Located on the shores of Lake Erie, the I.M. Pei-designed museum is a real beauty. A futuristic composition of bold geometric forms and dynamic cantilevered spaces, it is anchored by a 162-foot tower. The tower supports a dual-triangular-shaped glass “tent” that extends at its base onto a 65,000-square-foot plaza, making a dramatic main entry facade. Pei died May 16, 2019, at the age of 102.
“In designing this building,” Pei has said,” it was my intention to echo the energy of rock and roll. I have consciously used an architectural vocabulary that is bold and new.”
The $92 million glass-paneled pyramid and tower-type structure was funded through a public-private partnership that included the State of Ohio, City of Cleveland, Cuyahoga County, Cleveland-Cuyahoga County Port Authority and Cleveland area and music industry corporations and foundations.
The original concept for the museum and archive dedicated to rock and roll was initiated in 1983 when several music industry leaders created the Rock & Roll Hall of Fame Foundation. Their goal was to honor the men and women who made significant contributions to this musical style.
In 1986, they began inducting individuals. The museum was built to house the Hall of Fame, so they are actually two distinct entities.
The first-year Hall of Fame roster included Chuck Berry, James Brown, Ray Charles, Sam Cooke, Fats Domino, Everly Brothers, Buddy Holly, Jerry Lee Lewis, Elvis Presley and Little Richard.
Artists become eligible for the Rock & Roll Hall of Fame 25 years after the release of their first commercial recording.
The process of nominating inductees each year is based on the artist’s “influence and significance to the development and perpetuation of rock and roll.” Ballots are then sent to about 900 performers, historians and music industry professionals. Those nominees who receive the most votes are inducted. The Hall of Fame typically welcomes five to seven artists each year.
Nominees for 2023 are Kate Bush, Sheryl Crow, Missy Elliott, Iron Maiden, Joy Division/New Order, Cyndi Lauper, George Michael, Willie Nelson, Rage Against the Machine, Soundgarden, The Spinners, A Tribe Called Quest, The White Stripes, and Warren Zevon. The 2023 inductees will be announced in May.
LEAVE PLENTY OF TIME TO VISIT
For the museum itself, leave plenty of time to visit. The constantly changing museum has so much to see, read and hear. For starters, there’s the fashion of Sgt. Pepper, Jimi Hendrix’s handwritten lyrics, Janis Joplin’s psychedelic wardrobe, a dazzling Tina Turner costume designed by Gianna Versace and more.
Other specials are John Lennon’s grammar school report card, Buddy Holly’s high school diploma, David Bowie’s “Ziggy Stardust” jumpsuit, Bruce Springsteen’s outfit from the cover of “Born in the U.S.A.,” Jim Morrison’s Cub Scout uniform, John Lennon’s gaudy jacket he wore to rehearsals for his “All You Need is Love” performance, Jimi Hendrix’s patchwork jacket from his final concert appearance in Germany on Sept. 6, 1970, a shirt John Mellencamp wore on his “Scarecrow” tour and autographed drumsticks from Kenny Aronoff.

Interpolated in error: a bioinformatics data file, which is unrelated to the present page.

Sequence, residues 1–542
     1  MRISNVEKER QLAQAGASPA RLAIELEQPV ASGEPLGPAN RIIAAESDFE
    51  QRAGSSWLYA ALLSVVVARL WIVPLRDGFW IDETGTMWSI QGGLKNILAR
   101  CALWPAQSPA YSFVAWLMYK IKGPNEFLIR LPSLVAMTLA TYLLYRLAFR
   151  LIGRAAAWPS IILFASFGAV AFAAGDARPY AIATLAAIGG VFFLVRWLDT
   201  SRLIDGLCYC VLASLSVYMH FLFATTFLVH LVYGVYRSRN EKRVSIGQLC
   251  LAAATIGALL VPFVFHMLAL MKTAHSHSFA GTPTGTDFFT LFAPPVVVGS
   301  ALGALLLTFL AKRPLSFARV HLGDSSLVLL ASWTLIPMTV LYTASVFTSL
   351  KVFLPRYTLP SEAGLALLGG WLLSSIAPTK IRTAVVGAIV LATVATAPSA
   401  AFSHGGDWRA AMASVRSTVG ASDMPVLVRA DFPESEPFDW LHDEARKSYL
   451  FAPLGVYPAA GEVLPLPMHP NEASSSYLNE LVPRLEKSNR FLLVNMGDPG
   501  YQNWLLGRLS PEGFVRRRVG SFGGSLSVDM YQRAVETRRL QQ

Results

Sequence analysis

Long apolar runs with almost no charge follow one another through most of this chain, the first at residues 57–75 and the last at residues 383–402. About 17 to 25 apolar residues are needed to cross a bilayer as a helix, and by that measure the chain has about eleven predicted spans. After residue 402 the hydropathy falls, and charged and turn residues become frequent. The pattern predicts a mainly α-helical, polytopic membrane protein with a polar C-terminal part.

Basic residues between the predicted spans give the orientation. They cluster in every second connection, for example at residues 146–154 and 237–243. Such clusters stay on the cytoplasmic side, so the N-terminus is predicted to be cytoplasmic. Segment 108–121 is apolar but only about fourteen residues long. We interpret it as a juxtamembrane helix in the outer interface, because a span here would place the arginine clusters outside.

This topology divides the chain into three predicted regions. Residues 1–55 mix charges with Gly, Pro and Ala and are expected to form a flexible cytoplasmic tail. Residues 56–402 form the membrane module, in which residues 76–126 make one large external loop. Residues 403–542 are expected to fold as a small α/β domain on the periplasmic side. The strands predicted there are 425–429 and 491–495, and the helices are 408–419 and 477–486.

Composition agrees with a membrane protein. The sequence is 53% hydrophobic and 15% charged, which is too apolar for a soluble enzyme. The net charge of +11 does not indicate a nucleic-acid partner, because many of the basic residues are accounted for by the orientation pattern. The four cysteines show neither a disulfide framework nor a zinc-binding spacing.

Then there are the musical instruments – enough to delight any music lover. You can see Duane Eddy’s Gretsch guitar, Eddie Cochran’s 1955 Gretsch, Duane Allman’s 1959 Gibson Les Paul, Dickey Betts’ 1954 Les Paul gold top, Lead Belly’s 12-string acoustic guitar, Louis Jordan’s tenor saxophone and Robbie Robertson’s 1958 Fender Stratocaster, among others.
Exhibited items change so many visitors return often to see and hear what is new.
Several theaters take visitors on a cinematic journey through rock and roll history, including Dick Clark’s American Bandstand in the RMS Theater and a 14-minute film in the Elvis exhibit.
An unusual exhibit called Part of the Machine: Rock & Pinball showcases rocked-out pinball machines with popular performers and bands.
As expected, the museum is alive with music and film and interviews. At the Rock & Roll Radio exhibit, you can hear sound clips from famous rock and roll DJs from different eras and regions. Rapper’s Delight shares the history of hip-hop.
Before the museum opened, experts predicted fans would need about two and a-half-hours to wander through the musical lesson. They were sure wrong.
“We’ve found that most people stay closer to four hours or even the entire day,” a guide told me before I left. “Once they get here, people are often surprised at all there is to see and they stay longer than they expected.”
Photos by Jackie Sheckler Finch
- Designed by I.M. Pei, the Rock & Roll Hall of Fame and Museum is an eye-catching attraction on the shore of Lake Erie.
- Guitars used by music legends are displayed in the museum.
- A special section honors Elvis Presley.
- My grandson’s shoes can be slipped on and off to go through airport security.
- Logan’s shoes are both dressy and casual.
- The back side of the I.M. Pei designed building is as impressive as the front.